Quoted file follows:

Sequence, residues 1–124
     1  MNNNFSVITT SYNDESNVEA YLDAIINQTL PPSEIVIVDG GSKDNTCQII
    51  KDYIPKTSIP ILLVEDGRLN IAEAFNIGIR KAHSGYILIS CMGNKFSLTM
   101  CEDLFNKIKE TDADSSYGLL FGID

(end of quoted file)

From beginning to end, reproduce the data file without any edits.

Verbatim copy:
Sequence, residues 1–124
     1  MNNNFSVITT SYNDESNVEA YLDAIINQTL PPSEIVIVDG GSKDNTCQII
    51  KDYIPKTSIP ILLVEDGRLN IAEAFNIGIR KAHSGYILIS CMGNKFSLTM
   101  CEDLFNKIKE TDADSSYGLL FGID